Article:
The Battle of Destinies - The New Indian Express

The Battle of Destinies

Published: 08th Dec 2013 07:23:55 AM

Today is not a day for astrologers, but for political and corporate pundits. Awaiting the results of the four state elections, the heartbeats of leaders across parties, corporate chieftains who open the lids of their war chests to political parties to push through interests and policies, and well paid television talking heads gearing up to analyse the results threadbare, would be fluctuating wildly as to how they will affect fortunes and reputations. The state polls are seen as an unofficial referendum for 2014. At the centre of the maelstrom is the oldest dynasty that has ruled India, the new pretender Narendra Modi who is on electoral trial here and regional satraps who are speculating on whether they can demand larger pounds of flesh or form a loose alliance of interests. There is also the aggressive outsider Arvind Kejriwal and his fledgling Aam Aadmi Party (AAP) whose fortunes and dreams of a clean up rest on the crucial results. If AAP wins, it would be encouragement enough to open branches in other parts of the country as well, and become a significant player in 2014.


If the Congress party loses, it will lead to further policy paralysis because an electorally discredited government and a flailing political leadership will not be able to push through any major economic and administrative reforms. The bureaucracy will dig in its heels, in anticipation of a change. The Congress needs the support of allies to push through pet projects but a 4-0 rout would mean that they would not be obliging. They will refuse to yield to pressure from a party that they feel has lost its mandate and message. Some 122 bills including important ones like the Insurance bill, many education bills, the Lok Pal Bill, Women Reservations Bill and Reservations in Promotion for Dalits are pending in Parliament.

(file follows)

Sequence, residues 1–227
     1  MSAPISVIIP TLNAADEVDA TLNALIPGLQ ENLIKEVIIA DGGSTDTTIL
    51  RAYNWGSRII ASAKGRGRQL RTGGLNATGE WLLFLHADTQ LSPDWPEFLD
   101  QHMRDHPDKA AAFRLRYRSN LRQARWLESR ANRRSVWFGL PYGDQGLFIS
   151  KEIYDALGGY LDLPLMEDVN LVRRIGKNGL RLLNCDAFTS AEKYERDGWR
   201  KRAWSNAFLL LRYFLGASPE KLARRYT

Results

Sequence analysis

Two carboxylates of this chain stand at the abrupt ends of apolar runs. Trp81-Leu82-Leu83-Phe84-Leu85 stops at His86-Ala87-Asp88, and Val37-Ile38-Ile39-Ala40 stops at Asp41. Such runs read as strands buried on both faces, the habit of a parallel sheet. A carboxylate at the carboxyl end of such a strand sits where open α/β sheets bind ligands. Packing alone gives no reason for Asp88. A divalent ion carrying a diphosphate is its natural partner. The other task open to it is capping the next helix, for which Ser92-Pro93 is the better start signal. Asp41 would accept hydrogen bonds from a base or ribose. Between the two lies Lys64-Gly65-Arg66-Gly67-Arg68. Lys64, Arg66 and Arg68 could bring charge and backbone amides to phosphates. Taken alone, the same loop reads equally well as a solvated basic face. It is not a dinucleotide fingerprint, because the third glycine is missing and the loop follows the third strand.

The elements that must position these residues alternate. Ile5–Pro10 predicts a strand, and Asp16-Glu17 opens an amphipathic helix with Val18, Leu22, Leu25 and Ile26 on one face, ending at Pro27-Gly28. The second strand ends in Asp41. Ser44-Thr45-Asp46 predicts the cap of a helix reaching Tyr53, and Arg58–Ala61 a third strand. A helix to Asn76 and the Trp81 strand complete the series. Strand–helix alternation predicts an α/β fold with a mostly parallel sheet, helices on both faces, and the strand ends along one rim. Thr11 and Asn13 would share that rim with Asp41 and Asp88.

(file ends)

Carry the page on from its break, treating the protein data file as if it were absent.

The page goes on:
Not just allies, but Corporate India, too, which has been watching the state elections would not be financially as generous to the Congress as before. Though it was on the largesse of Manmohanomics that they fattened their coffers, a new dispensation hostile to the Congress would need to be cultivated in advance. Parleys would be held in exclusive rendezvous, and new alliances would be sealed with promises of corporate support. The impact of the four state elections, however exaggerated, could cause international ripples, since the foreign media is watching the results keenly as a litmus test of the UPA. A rout would mean the global shrinking of Manmohan as a world leader. Like Gorbachev, he is unlikely to be taken seriously by leaders of other nations who would perceive him as an outgoing prime minister.  The greatest impact of a Congress debacle would be on current and pre-poll alliances. The party would be unable to woo new allies and its authority would be further eroded, since it is already a minority government supported from the outside by the Samajwadi Party and the Bahujan Samaj Party. To win the general elections, the party would need electoral alliances with all prominent anti-BJP parties in the East and the West. A decisive loss would change the arithmetic of seat sharing, with the allies refusing to part with the number of seats the Congress would demand, further reducing its clout in a post poll scenario. Estranged allies and friendly hopefuls like the DMK and Jagan Mohan Reddy would stay away. Meanwhile, all eyes are on the dynasty’s pulling power and Manmohan Singh’s Mr Clean and Mr Reform reputation. The troika will be on trial within and outside the party on whether they can deliver seats for the Congress in 2014. Anticipating public interrogation, tactically they have been deliberately kept out of public focus by the party, which has anticipated a poor show in the state polls. A loss would mean a purge as well—many senior leaders would be put to pasture and Rahul Gandhi will take full control of the organisation and policy making as well. A comprehensive cabinet reshuffle in which controversial ministers may be dropped and be replaced by new faces cannot be ruled out.